KAZAKHSTAN: DO NOT PASS POORLY PREPARED LAW ON PUBLIC PROTEST DURING COVID-19 CRISIS
We, the undersigned members of the Civic Solidarity Platform (CSP) urge authorities in Kazakhstan to reconsider the passing of the revised law on procedures for organizing and holding peaceful assemblies in the Republic of Kazakhstan.
We urge the authorities to carefully consider the recommendations provided by representatives of civil society in Kazakhstan, including the detailed analysis of the draft law submitted by the Kazakhstan International Bureau for Human Rights and Rule of Law (KIBHR) as well as those of the International Centre for Non-Profit Law.
We urge the authorities to study all relevant international standards, OSCE/ODIHR Guidelines, Draft of the General Comment #37 and cases concerning Kazakhstan from the UN Human Rights Committee as well as the final report of Mr. Maina Kiai, UN Special Rapporteur on the rights to freedom of peaceful assembly and of association, who carried out an official visit to Kazakhstan in 2015.
We also urge the authorities to send this Law for review either to the OSCE/ODIHR Panel of Experts on Freedom of Assembly and Association or to the Office of UN High Commissioner on Human Rights while both announced readiness to conduct such review, or to the Venice Commission of Council of Europe.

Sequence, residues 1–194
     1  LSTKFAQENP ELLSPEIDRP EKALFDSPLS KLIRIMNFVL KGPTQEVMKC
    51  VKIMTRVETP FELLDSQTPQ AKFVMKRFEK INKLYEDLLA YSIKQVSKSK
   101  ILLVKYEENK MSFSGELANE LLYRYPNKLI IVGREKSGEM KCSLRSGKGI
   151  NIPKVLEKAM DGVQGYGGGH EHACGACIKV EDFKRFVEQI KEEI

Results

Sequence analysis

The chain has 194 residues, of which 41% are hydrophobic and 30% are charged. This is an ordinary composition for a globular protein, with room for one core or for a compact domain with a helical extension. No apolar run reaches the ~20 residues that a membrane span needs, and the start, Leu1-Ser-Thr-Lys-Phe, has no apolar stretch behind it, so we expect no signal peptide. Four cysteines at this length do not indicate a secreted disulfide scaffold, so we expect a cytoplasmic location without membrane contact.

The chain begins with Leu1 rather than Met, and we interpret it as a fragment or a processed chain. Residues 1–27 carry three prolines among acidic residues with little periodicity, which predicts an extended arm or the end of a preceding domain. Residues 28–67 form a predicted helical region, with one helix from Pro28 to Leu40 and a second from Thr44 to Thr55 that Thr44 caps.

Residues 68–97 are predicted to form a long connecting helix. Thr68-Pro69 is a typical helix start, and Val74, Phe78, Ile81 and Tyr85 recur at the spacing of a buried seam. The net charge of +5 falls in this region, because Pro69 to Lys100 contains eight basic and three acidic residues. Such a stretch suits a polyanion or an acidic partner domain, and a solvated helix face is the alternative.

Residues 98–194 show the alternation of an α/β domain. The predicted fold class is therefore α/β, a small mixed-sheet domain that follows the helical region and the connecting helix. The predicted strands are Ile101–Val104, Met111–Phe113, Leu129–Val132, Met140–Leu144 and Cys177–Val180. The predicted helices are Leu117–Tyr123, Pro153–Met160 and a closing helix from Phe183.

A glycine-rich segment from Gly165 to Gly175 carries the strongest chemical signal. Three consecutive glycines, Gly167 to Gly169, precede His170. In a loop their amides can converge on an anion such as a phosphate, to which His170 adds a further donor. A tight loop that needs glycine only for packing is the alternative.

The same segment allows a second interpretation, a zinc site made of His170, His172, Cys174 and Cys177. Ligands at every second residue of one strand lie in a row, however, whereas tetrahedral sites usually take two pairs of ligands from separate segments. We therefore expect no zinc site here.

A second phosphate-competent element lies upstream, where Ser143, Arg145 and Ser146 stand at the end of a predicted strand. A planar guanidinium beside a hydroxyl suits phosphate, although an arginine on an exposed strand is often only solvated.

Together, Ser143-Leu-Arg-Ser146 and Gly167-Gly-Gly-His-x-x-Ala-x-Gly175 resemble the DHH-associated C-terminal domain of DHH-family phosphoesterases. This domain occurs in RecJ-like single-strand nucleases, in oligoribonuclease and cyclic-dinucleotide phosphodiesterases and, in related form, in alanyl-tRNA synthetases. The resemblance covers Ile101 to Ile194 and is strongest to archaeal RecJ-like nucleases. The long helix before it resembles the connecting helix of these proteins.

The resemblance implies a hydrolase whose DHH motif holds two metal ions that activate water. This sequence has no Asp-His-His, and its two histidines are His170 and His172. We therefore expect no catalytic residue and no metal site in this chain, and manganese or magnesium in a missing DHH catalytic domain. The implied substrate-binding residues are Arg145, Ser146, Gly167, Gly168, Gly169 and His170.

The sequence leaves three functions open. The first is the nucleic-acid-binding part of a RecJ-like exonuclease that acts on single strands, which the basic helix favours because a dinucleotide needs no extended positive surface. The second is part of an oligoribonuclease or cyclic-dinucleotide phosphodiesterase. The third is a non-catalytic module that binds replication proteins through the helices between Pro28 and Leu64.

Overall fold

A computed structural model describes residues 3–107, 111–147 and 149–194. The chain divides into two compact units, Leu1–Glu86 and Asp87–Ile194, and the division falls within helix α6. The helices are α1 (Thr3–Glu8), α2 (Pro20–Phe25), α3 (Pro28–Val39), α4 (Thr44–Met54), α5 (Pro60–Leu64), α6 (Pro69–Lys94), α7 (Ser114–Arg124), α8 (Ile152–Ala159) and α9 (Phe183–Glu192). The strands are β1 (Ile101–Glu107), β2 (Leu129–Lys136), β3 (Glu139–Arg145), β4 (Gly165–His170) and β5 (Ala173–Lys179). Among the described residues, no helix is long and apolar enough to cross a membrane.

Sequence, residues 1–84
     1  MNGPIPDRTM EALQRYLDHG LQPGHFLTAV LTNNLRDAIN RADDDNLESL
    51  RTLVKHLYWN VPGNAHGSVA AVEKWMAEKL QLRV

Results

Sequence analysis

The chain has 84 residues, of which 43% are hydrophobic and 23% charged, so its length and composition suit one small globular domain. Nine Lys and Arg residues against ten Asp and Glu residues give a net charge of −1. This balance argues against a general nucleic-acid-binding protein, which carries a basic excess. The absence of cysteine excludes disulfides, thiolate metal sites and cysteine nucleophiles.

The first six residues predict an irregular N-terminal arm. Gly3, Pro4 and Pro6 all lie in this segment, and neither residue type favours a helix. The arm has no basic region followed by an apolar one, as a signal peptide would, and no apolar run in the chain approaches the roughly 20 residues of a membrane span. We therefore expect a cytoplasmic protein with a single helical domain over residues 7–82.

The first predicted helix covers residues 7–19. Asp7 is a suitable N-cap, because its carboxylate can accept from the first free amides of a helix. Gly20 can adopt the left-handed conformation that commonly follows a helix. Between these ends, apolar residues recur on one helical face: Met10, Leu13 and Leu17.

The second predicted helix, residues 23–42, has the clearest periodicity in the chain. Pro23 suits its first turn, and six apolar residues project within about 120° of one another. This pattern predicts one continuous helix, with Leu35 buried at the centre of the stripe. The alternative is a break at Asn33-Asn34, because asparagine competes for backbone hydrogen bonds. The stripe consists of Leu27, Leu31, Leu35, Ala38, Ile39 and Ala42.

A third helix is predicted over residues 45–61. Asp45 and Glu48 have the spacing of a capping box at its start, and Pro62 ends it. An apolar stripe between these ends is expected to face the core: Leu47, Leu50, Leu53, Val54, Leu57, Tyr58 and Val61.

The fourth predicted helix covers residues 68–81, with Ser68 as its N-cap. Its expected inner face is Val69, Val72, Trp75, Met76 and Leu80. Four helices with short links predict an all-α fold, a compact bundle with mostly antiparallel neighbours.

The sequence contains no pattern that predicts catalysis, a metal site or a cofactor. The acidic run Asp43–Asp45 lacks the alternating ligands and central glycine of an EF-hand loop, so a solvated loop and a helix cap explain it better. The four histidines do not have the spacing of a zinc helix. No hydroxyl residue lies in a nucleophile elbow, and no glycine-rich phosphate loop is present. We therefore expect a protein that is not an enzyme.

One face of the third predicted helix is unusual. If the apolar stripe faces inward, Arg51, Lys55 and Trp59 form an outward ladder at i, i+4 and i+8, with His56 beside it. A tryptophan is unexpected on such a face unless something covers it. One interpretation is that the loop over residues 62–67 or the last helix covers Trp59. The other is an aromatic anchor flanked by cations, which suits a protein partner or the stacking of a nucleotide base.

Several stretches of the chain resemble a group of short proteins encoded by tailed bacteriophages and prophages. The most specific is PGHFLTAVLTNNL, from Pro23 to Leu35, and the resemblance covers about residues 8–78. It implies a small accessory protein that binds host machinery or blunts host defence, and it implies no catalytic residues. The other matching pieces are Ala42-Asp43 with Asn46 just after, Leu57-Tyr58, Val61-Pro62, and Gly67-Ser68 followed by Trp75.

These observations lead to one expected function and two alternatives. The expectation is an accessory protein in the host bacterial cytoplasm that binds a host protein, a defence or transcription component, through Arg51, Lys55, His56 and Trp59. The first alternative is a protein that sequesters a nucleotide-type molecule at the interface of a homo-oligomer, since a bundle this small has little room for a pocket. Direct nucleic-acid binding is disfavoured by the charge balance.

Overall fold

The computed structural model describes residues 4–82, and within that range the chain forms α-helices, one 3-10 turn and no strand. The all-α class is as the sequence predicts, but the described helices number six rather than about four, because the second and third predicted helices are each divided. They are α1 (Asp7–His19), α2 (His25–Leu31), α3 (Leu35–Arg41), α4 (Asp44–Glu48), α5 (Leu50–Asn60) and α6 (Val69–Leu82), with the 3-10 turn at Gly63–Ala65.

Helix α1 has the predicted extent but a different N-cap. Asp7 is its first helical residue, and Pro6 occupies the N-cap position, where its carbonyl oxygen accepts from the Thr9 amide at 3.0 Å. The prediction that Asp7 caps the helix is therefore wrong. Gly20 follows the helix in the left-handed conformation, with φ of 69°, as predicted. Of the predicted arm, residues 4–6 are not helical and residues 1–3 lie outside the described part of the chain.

Finally, we are deeply concerned that authorities seem to be pushing to pass the law while Kazakhstan and indeed the world is in the midst of a global pandemic, which greatly limits the possibility of the public to exercise the very right this law concerns: Freedom of assembly.
The Law is generally not compliant with international human rights standards and there are severe and unjustified restraints on time and place, and burdens placed on the organizers of assemblies, in particular:
- retention of the requirement to obtain government approval prior to conducting peaceful meetings including permission to hold marches and demonstrations;